By Gabrielle Palmer
Like many AIMS members, I suspect, I first read Gabrielle Palmer’s groundbreaking book, The Politics of Breastfeeding, in 1988 and it changed the way I thought about the world. Picking up the new book,‘Why the Politics of Breastfeeding Matter’, I didn't expect a similar effect but despite nearly three decades of living with her original message, her argument had lost none of its power and again I found it transforming my thinking.
Breastfeeding is vital for the health and well being of our global society in so many ways and becoming more and more important in a world besieged by humanitarian and environmental crises. Mass migration now affects the lives of 60 million people including five million infants who are particularly vulnerable to malnutrition and infection: mothers coming from Syria into Europe have already had their breastfeeding sabotaged causing appalling problems for aid workers. Gabrielle also discusses antibiotic resistance and climate change; greenhouse gas emissions attributed to milk powder are significantly higher because of extra processing so for every kilo of milk powder four kilos of greenhouse gases are emitted. Having been an HIV and Infant Feeding Officer for UNICEF and co-directing the Institute of Child Health in London in the 1990s she is well qualified to comment on legislation surrounding infant feeding, for example she contrasts the situation in India with that in China: in China the market for artificial milks for babies and infants grew by 90 per cent in the four years to 2012, whereas in India it grew by only 13 per cent because the Indian government has actually implemented the International Code of Marketing of Breastmilk Substitutes rather than simply signing up to it. The result has been childhood obesity in China. Thirty years ago the market in China had not opened up to infant ‘formula’, now it has, resulting in manufacturing riches which some might consider to be beyond the dreams of wildest avarice.
The story is not one of helpful manufacturers who produce a breast milk substitute for the tiny number of women who cannot or choose not to feed their babies: it is a story of the triumph of neoliberal capitalism that has persuaded women that they can’t successfully nourish their babies, causing ‘commerciogenic malnutrition’. George Monbiot, (Guardian, 14 November), talks of human beings as being essentially both highly social and highly unselfish, and thus potentially able to avoid global catastrophe, but successful breastfeeding may have been a crucial part of the development of social beings.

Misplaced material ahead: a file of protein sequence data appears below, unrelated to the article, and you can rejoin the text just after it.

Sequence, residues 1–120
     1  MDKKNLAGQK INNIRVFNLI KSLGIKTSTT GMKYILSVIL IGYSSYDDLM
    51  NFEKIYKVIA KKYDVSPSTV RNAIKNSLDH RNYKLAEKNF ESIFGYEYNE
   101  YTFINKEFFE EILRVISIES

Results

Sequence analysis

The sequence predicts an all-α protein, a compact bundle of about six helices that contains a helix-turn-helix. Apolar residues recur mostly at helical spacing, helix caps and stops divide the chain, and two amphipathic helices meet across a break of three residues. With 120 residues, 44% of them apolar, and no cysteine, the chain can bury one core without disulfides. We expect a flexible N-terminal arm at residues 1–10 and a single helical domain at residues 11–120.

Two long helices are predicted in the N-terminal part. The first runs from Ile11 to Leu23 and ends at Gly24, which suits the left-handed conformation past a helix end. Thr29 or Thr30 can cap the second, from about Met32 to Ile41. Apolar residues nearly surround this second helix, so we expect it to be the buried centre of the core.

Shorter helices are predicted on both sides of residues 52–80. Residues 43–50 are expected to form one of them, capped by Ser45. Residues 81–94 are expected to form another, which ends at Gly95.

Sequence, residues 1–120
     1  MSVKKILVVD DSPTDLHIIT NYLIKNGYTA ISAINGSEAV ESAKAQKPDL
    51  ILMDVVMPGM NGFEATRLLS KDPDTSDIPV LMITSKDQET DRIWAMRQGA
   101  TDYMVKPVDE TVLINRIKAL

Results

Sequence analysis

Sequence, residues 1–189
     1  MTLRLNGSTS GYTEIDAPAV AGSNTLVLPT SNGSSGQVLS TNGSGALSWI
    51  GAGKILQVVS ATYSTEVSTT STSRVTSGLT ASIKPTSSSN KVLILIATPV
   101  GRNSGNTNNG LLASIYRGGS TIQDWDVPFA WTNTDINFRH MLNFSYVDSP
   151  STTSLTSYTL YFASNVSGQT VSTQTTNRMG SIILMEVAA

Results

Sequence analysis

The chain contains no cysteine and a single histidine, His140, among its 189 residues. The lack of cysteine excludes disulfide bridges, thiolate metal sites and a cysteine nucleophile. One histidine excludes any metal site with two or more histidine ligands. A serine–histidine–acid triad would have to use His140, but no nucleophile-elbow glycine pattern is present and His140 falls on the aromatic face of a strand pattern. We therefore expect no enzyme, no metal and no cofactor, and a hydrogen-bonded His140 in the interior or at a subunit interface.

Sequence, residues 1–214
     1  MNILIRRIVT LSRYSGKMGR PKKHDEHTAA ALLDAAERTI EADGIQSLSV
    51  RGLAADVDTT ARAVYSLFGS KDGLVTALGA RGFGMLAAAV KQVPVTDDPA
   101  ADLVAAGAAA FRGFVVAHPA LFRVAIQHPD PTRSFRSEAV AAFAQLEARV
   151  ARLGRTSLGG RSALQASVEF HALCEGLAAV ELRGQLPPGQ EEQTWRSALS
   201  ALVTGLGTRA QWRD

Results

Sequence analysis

Gabrielle exposes the process whereby women have been subjected to gross and overwhelming commercial pressures that inhibit their choices and wishes: she explains how misinformation and inept care crush their confidence and innate skills.‘ All over the world there are breast milk famines, they are not caused by nature but by a loss of entitlement’. Gabrielle calls breastfeeding, ‘the great equaliser’, giving a baby born into poverty the chance to be as intelligent and healthy as one born into wealth. This book is a call to arms to protect nothing less than the future of the human race.
by Lara Fairy
Available from AIMS soon
This story was lovely and though short and simple it held a useful and good lesson. I enjoyed the illustrations they contributed well to the story. I think that the word ‘abundantly’ is a good word but if little children were to read it they might not understand it but that is my only fault. I think many people would love this book. It is a magical story, excellent lesson and great topic.
A flawless and amazing story
Tilly Weston (aged 14)
Girls need to know how about poo – especially perfect princesses ‘For if you know how to poo... you know how to have babies.’
This book tells a fairy story and so with humour and a light touch teaches a lesson about babies and poo. It is not a biology lesson, but a lesson in life, an empowering lesson in life.
‘The knowledge contained, In each little body, Knows all the moves, For birthing a baby!’
Every woman needs to be conditioned and empowered to know this and:
‘There’s no describing the power, That comes from within, As you deal with your pain, And face up to your fears’
Girls need to read this book to learn about poo and babies and the power of womanhood. Mothers and Grannies should read this to know how to be a crone and how to support their daughter and daughter-in-laws.
Finally, this book makes a hilarious one act play, when acted out at a conference.
A book for your bookshelf and possibly your toilet.
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